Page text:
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Guide to cruising with a birth certificate

Many first time cruisers want to know whether or not you can cruise with a birth certificate in lieu of a passport, but the answer depends on a few key factors. And, just because you can cruise with a birth certificate doesn’t necessarily mean you should.

Whether or not you can cruise with a birth certificate instead of a passport depends on your citizenship status and cruise itinerary. Sailings from the U.S. permit U.S. citizens to show a birth certificate as proof of citizenship, but additional documentation is required for those over 16 years old.

If you’re considering cruising with a birth certificate instead of a passport, be sure to read this guide thoroughly to understand the rules before embarkation day.

Who can cruise with a birth certificate, and on which sailings is this allowed?

Cruising with a birth certificate is permitted for U.S. citizens, but only in specific cases. The only time U.S. citizens can cruise with a birth certificate (and ID) as their official identification is on sailings departing from U.S. homeports. These must be roundtrip sailings starting and ending in the U.S.

U.S. homeports include:

  • Cape Liberty
  • Miami
  • Fort Lauderdale
  • Port Canaveral
  • Los Angeles
  • Seattle
  • Galveston
  • Boston
  • San Juan

For any cruises departing from outside the U.S. (Canada, Italy, Australia, etc.), U.S. citizens must provide a passport valid at least 6 months after the cruise ends.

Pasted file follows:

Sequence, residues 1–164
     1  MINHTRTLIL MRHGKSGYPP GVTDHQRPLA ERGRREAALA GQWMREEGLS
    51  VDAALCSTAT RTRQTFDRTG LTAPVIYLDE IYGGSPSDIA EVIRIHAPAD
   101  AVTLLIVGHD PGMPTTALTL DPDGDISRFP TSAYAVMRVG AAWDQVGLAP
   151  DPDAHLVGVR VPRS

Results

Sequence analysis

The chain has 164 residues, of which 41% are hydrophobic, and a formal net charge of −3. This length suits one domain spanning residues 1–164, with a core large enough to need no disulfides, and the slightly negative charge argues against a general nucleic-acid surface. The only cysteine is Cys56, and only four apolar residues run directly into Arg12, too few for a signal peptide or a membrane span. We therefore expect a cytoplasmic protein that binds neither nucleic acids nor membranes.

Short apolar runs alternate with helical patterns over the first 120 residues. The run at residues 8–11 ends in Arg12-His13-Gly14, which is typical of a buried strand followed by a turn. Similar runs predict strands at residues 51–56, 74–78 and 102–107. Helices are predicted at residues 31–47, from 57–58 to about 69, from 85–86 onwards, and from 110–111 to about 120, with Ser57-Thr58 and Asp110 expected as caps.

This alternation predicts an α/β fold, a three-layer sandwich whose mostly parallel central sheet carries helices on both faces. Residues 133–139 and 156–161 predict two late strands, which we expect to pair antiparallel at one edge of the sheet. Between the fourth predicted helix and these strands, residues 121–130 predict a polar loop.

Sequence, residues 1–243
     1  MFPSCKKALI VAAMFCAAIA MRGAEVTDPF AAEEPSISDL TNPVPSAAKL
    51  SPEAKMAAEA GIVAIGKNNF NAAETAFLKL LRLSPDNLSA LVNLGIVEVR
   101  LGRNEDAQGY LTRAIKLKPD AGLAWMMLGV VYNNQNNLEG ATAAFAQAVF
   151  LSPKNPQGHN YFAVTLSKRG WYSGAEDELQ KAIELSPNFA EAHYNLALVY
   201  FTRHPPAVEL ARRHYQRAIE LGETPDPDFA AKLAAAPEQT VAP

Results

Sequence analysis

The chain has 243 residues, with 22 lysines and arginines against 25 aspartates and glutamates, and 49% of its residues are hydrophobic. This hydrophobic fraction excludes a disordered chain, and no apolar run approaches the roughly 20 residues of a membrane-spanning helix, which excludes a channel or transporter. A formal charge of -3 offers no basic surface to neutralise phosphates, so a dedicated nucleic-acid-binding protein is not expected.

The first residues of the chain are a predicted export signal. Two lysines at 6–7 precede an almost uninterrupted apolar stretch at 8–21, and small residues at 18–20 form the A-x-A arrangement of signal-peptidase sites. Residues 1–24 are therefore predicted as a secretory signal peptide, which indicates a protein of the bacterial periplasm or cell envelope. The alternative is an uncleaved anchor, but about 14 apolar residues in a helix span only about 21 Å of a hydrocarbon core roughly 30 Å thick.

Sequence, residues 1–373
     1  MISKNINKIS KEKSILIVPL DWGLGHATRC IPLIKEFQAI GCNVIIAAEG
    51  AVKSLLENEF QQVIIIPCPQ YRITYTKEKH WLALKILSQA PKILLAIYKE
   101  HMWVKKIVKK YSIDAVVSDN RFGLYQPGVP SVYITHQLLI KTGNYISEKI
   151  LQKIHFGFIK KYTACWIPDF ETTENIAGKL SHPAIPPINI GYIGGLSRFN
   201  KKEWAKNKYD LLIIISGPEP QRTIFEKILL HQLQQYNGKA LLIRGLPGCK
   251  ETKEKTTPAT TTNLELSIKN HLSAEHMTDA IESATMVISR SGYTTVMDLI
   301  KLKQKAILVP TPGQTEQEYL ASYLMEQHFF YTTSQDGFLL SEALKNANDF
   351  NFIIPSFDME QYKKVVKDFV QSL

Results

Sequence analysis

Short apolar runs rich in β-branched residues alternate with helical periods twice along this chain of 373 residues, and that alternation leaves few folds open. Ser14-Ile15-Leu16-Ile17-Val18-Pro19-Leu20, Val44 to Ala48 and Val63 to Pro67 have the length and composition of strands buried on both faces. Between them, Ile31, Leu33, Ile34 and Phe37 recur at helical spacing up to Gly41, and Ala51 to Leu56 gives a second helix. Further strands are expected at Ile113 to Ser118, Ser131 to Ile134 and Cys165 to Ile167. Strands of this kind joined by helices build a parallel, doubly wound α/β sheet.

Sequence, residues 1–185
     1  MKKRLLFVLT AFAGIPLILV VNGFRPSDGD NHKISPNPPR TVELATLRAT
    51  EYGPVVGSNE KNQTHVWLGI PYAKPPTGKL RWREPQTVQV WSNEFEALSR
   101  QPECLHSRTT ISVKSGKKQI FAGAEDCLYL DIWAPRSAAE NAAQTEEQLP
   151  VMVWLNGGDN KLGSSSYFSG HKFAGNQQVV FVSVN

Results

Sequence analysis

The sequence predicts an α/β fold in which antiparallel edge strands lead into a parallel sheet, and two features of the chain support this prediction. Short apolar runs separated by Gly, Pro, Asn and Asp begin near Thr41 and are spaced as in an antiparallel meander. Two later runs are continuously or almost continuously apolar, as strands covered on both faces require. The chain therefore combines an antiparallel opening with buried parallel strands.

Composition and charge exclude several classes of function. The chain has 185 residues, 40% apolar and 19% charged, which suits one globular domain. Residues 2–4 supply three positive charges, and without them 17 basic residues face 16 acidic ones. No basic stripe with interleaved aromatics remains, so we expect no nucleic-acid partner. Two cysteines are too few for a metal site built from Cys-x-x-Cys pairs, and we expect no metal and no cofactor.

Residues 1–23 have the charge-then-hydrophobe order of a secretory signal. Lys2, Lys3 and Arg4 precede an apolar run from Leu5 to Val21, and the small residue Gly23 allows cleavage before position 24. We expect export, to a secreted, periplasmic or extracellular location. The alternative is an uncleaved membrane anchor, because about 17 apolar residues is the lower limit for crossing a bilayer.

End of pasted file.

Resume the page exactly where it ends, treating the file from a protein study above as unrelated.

Which type of birth certificate is allowed?

Only official U.S. state-issued birth certificates are accepted. Note that state-issued birth certificates are different from hospital birth certificates (baby feet birth certificates), and are issued directly from your state’s vital records office.

To obtain a state-issued birth certificate, contact the vital records office in the state or territory in which you were born, and follow the instructions for requesting a copy and paying any applicable fees.

Do I need other documentation in addition to my birth certificate?

Guests 16 and older who are providing a birth certificate as their citizenship document before a cruise must also provide a valid driver’s license or government issued picture ID.

If your name has changed since the birth certificate was issued, you must also provide a supporting document (marriage license, legal name change document, etc.) that provides proof of the name change.

Remember that both documents must match the name provided on your cruise reservation.

What documentation is required when cruising with minors?

While guests 16 and above must provide a state-issued ID in addition to their birth certificate, minors under 16 may cruise with just a birth certificate. This is, of course, only valid on cruises departing from a U.S. homeport (otherwise a passport is required).

If the name of the parent and minor child do not match, however, the names of the parent and child must be linked through legal documentation.